Stan Voit: Sequestration tough, but it’s what US needs
You have to wonder if this country’s national leaders ever will see their way clear to significant cuts to the federal budget.
With this so-called sequestration looming, and with it budget cuts to almost all federal programs and agencies, we have the lobbyists and representatives of almost every affected organization screaming about what those cuts will do to them and the people they serve.
The National Parks Conservation Program has been sending us emails several times a week, claiming to have leaked, inside information on what the cuts will do to the parks, especially the Smokies. Many in Congress and in the Defense Department worry about what the budget cuts will do to the military and our readiness.
We hear about the impact of sequestration on Head Start, schools, airport traffic controllers, food inspectors and security personnel. We are warned about what will happen to unemployment benefits, the cost of food, Meals on Wheels and hurricane damage repairs.
The idea of raising these issues is to convince President Obama and Congress to stop or delay the $85 billion in budget cuts, scheduled to go into effect March 1. The repercussions warned about are dire, from sending us back into a recession to driving up the unemployment rate to creating a sour mood in the country at a time when things were looking good.
Those are all legitimate concerns. But if we blink now, when, if ever, are we going to get serious about cutting federal spending? Assuming we all agree it has to be done, then if we won’t do it when forced to, then we won’t do it when we have options.
As Hillel, the great Jewish religious leader in the years before Christ, famously said, “If not now, when?”
Washington, in its great buck-passing tradition, set up these automatic budget cuts to go into effect so they wouldn’t have to get their hands dirty dealing with it. Yet every time they stare into the abyss, they back down and approve a stop-gap measure that delays permanent action for months more. Now we are at another impasse, and the agencies affected are clamoring for time to make their case about what will happen to them if the sequestration hits.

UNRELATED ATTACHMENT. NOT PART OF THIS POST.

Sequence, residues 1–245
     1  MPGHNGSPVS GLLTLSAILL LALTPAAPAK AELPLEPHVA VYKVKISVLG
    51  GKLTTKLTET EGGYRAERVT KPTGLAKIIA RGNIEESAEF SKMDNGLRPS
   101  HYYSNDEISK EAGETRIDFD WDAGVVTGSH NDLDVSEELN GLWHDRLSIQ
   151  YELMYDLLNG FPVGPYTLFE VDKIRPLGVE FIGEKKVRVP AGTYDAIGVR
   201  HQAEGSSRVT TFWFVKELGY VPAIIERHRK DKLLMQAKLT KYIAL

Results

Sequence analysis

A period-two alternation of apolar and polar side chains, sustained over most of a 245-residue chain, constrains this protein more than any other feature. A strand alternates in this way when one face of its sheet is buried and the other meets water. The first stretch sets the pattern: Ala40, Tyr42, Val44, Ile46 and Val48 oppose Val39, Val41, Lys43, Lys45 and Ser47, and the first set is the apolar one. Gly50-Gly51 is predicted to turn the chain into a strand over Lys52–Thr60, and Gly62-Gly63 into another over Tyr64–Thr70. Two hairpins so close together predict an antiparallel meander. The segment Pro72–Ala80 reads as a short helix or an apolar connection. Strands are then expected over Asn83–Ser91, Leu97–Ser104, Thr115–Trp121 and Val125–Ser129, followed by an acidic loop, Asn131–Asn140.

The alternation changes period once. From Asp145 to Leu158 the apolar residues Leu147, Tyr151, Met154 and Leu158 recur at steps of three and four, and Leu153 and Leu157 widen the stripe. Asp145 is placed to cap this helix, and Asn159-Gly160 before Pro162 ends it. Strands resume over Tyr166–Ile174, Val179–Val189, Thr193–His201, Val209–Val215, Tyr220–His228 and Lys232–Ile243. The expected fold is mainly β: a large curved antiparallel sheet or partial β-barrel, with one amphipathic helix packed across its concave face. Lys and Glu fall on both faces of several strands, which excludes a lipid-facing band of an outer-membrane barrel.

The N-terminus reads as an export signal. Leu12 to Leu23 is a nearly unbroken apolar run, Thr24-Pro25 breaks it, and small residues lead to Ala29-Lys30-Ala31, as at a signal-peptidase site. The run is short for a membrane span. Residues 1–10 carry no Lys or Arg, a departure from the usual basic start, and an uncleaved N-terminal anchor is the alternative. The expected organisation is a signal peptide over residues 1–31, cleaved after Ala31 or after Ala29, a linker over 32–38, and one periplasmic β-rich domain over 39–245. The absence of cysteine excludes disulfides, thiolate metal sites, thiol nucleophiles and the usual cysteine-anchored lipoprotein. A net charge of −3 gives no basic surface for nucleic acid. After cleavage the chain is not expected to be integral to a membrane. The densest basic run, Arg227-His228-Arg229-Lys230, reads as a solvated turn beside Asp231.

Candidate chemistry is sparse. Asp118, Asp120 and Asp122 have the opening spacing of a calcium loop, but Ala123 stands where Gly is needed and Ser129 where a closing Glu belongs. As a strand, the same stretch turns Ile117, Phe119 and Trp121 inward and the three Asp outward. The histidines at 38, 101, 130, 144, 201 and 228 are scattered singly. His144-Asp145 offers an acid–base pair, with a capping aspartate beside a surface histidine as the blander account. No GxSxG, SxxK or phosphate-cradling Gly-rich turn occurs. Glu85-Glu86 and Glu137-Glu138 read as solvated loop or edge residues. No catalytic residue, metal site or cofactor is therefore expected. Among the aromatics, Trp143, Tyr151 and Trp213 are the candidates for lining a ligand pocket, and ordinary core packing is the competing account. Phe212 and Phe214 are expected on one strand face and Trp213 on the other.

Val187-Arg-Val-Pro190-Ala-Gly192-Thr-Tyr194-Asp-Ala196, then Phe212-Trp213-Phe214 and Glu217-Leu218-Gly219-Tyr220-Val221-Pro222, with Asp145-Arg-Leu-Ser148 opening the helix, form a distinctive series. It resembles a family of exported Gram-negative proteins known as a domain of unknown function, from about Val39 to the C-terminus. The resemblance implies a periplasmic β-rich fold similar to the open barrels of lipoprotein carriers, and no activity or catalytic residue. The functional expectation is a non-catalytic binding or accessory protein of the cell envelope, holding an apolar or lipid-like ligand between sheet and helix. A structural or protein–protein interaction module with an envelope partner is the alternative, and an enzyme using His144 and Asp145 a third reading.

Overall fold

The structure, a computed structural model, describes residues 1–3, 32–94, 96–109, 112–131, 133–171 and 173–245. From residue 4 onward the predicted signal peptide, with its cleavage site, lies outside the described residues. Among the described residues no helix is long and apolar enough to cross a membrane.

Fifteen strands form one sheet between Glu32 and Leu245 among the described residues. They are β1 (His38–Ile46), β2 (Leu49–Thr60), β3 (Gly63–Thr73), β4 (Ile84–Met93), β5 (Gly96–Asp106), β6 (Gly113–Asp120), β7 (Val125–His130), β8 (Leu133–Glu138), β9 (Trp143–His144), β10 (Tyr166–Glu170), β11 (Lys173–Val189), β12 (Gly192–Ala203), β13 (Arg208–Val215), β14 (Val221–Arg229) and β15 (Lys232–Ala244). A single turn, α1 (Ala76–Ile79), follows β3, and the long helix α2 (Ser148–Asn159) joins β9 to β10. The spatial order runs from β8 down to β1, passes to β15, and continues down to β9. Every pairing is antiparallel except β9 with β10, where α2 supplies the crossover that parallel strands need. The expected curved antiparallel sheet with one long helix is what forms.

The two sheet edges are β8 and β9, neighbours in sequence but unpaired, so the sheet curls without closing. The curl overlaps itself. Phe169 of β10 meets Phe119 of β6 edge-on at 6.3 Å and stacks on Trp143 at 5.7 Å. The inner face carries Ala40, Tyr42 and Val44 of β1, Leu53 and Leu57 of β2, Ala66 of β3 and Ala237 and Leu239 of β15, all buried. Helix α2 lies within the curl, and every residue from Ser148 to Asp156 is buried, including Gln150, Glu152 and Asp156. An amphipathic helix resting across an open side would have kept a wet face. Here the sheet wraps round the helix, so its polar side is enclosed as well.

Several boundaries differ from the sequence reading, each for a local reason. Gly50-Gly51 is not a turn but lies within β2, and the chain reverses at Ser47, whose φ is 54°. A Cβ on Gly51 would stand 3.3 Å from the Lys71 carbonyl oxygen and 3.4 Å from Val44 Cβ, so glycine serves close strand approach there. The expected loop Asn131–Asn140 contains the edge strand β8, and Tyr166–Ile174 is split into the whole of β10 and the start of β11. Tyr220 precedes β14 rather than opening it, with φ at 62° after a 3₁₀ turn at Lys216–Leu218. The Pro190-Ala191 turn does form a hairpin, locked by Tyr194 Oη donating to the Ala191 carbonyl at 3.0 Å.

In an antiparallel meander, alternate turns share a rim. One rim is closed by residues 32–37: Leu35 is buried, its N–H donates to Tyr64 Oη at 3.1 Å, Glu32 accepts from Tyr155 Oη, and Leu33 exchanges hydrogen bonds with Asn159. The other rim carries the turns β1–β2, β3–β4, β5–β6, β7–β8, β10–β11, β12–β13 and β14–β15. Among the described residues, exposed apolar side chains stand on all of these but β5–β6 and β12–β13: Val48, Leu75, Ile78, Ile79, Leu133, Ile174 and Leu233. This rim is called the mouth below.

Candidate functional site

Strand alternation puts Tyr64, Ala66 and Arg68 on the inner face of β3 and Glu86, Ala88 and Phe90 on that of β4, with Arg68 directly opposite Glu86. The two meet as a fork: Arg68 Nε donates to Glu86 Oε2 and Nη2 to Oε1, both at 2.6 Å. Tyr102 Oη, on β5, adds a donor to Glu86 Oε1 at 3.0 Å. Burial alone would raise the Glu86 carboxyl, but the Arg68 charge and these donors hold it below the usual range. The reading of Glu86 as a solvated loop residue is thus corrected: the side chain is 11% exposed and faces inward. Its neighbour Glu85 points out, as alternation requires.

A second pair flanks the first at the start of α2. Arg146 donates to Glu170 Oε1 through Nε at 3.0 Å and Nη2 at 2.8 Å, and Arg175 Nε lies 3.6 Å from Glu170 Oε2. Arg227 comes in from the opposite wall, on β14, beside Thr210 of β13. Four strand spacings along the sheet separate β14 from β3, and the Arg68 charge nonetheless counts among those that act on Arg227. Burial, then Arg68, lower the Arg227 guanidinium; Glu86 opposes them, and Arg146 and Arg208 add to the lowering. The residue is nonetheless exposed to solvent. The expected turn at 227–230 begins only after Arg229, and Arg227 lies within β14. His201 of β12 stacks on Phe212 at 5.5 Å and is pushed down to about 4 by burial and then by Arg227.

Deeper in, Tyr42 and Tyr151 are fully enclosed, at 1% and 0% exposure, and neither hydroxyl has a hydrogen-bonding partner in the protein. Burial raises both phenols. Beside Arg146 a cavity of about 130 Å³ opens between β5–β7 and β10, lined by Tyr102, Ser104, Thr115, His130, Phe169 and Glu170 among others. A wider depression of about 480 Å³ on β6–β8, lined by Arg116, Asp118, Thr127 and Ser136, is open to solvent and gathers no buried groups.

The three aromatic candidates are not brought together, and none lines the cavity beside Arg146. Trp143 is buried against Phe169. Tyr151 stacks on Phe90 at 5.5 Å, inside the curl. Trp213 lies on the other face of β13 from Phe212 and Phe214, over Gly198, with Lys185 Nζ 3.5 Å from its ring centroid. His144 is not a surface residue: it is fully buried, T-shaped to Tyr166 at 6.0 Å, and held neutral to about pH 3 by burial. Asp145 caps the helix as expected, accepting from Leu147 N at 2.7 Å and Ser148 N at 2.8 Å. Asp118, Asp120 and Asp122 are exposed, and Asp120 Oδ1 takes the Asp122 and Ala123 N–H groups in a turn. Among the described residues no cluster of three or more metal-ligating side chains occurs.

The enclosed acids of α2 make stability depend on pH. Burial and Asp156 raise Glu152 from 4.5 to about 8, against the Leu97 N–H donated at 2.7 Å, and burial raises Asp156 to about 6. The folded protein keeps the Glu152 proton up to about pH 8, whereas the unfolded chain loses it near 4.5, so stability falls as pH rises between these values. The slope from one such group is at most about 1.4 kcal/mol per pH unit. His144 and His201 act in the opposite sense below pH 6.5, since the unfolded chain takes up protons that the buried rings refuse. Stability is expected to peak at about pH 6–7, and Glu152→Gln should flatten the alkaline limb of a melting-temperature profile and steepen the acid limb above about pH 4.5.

I am sympathetic to their plight. I don’t want long lines at airports, a national park with closed trails and insufficient personnel, locks on the doors of Head Start centers, delays in people getting benefits. But I also do not want a country driven further into debt because the people we elect can’t agree — compromise — in solving the problem.
Here we have an approaching, forced budget cut that, however painful, will still have some effect in reducing the deficit. Not enough, of course, but some. I say, let it happen. Bring it on.
As we get closer, though, one senses that pressure on members of Congress and the president will have an effect, that once again they’ll gather for some cork-in-a-bottle remedy that gets us through another crisis without addressing the problem.
Every federal agency has worth. Every organization that gets federal funding feels it has merit and deserves its place on a federal teat.
This newspaper is doing more with less, thanks to the recession and other factors. Most businesses I know are also operating with fewer employees and somewhat reduced services. When will the federal government do the same?
U.S. Sen. Rand Paul of Kentucky thinks sequestration doesn’t go far enough. He voted against it. He said this to CNN’s Wolf Blitzer: “Over 10 years, the budget will still grow $7 trillion to $8 trillion. He (President Obama) added $6 trillion to the debt in his first term. He’s on course to add another $4 trillion to $6 trillion in his second term. So, really, this is just really nibbling at the edges, and he’s saying, oh, it’s some dramatic thing where all of a sudden it’s still the rich’s fault. ... The budgets are not being decreased. We’re talking about cutting the rate of growth of budgets. ... This is not enough cuts.”
He may be right. Besides, “If not now, when?”
— Stan Voit is editor of The Mountain Press. His column appears each Sunday. He can be reached at 428-0748, ext. 217, or e-mail to email@example.com. Twitter: @stanvoit.